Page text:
REALTORS: May Pending Home Sales Reach Highest Level in More Than 6 Years

REALTORS: May Pending Home Sales Reach Highest Level in More Than 6 Years
 Pending home sales rose in May to the highest level since late 2006, implying a possible spark as mortgage interest rates began to rise, according to the National Association of Realtors®.

The Pending Home Sales Index,  a forward-looking indicator based on contract signings, increased 6.7 percent to 112.3 in May from a downwardly revised 105.2 in April, and is 12.1 percent above May 2012 when it was 100.2; the data reflect contracts but not closings.

Contract activity is at the strongest pace since December 2006 when it reached 112.8; pending sales have been above year-ago levels for the past 25 months.

  NAR chief economist Lawrence Yun  said there may be a fence-jumping effect.  “Even with limited choices, it appears some of the rise in contract signings could be from buyers wanting to take advantage of current affordability conditions before mortgage interest rates move higher,” he said.  “This implies a continuation of double-digit price increases from a year earlier, with a strong push from pent-up demand.”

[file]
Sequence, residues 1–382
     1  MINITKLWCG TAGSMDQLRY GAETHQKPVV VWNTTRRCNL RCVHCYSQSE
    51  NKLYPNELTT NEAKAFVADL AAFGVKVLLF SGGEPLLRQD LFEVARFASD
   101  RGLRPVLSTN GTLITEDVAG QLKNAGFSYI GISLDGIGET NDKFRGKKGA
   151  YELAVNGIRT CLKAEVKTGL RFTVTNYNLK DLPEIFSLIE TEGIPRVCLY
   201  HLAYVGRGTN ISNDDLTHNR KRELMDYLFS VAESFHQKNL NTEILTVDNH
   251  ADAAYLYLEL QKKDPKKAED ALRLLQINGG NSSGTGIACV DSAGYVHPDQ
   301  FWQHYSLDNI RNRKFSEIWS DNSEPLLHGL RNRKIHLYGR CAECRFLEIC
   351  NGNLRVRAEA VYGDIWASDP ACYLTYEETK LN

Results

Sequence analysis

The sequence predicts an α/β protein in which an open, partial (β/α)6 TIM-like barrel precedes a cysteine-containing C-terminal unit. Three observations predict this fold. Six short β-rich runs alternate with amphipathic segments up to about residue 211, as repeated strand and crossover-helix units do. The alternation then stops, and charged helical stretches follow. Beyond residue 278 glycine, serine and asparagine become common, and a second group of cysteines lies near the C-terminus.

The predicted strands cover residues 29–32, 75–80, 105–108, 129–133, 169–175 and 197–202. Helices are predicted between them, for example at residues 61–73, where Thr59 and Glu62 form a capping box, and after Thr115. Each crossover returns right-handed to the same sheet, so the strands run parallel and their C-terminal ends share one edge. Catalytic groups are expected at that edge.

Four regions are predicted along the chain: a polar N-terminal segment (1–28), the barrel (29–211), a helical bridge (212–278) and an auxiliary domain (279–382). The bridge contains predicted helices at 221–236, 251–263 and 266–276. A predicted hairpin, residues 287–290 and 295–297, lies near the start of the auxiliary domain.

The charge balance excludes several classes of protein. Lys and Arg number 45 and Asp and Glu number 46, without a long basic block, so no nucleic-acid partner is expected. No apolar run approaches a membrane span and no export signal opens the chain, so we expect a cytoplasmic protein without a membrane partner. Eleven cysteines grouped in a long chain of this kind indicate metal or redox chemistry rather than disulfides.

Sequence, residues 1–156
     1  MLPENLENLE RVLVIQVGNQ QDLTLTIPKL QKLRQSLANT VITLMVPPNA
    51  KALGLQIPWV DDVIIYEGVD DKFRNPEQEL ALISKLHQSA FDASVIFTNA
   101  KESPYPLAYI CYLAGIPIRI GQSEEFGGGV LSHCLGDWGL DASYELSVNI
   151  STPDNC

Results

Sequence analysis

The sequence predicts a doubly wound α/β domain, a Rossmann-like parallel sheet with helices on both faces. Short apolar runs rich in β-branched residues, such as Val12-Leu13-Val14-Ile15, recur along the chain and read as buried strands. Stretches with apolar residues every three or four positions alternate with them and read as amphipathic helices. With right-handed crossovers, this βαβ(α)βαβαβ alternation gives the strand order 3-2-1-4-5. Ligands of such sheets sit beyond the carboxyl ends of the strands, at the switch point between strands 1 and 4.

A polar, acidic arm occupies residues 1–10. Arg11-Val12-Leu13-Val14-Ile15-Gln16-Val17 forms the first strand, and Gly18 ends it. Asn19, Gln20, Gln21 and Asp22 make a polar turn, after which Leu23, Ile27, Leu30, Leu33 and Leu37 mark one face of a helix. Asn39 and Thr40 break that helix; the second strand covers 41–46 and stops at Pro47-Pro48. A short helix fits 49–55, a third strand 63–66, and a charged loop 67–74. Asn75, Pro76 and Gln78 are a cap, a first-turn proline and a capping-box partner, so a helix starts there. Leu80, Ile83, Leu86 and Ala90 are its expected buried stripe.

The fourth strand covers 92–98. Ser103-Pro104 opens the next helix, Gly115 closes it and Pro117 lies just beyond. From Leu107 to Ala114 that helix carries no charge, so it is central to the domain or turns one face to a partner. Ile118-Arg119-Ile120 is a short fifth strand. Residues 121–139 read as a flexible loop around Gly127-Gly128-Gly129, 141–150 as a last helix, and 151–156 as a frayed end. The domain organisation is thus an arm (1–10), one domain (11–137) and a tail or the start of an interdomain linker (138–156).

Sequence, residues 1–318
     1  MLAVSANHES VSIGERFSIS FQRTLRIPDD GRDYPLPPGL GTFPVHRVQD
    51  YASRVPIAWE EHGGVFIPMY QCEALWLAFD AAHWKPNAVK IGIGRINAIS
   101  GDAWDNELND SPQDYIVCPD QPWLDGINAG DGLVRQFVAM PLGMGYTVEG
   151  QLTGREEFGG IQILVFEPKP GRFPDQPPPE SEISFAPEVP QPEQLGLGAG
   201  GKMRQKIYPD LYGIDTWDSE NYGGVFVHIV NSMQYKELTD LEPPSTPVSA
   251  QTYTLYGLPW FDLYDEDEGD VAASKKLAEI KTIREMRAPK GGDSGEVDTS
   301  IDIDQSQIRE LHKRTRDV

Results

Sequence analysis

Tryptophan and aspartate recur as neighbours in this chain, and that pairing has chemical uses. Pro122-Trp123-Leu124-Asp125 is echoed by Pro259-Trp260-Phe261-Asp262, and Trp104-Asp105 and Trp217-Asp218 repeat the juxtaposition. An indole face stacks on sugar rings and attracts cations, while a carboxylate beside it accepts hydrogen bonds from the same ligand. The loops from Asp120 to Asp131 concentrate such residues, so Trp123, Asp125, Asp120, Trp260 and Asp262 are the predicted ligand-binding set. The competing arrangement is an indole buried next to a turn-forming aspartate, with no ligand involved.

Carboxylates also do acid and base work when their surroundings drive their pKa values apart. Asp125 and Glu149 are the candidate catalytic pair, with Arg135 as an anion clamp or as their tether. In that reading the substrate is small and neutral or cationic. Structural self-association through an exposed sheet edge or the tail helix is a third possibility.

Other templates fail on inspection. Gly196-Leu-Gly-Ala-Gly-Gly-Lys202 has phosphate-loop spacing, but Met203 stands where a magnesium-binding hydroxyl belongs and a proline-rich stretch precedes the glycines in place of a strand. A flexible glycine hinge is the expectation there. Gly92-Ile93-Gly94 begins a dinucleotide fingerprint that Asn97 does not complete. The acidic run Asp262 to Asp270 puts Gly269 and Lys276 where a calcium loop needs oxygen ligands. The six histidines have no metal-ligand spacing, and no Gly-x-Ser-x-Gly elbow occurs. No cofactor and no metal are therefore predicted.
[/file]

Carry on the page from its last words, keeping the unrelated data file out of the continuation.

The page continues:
Yun upgraded the price forecast for 2013, with the national median existing-home price expected to rise more than 10 percent to nearly $195,000.  This would be the strongest increase since 2005 when the median increased 12.4 percent.

Existing-home sales are projected to increase 8.5 to 9.0 percent, reaching about 5.07 million in 2013, the highest in seven years; it would be slightly above the 5.03 million total recorded in 2007.

The PHSI in the Northeast was unchanged at 92.3 in May but is 14.3 percent above a year ago.  In the Midwest the index jumped 10.2 percent to 115.5 in May and is 22.2 percent higher than May 2012.  Pending home sales in the South rose 2.8 percent to an index of 121.8 in May and are 12.3 percent above a year ago.  The index in the West jumped 16.0 percent in May to 109.7, but with limited inventory is only 1.1 percent above May 2012.

 
Comments powered by Disqus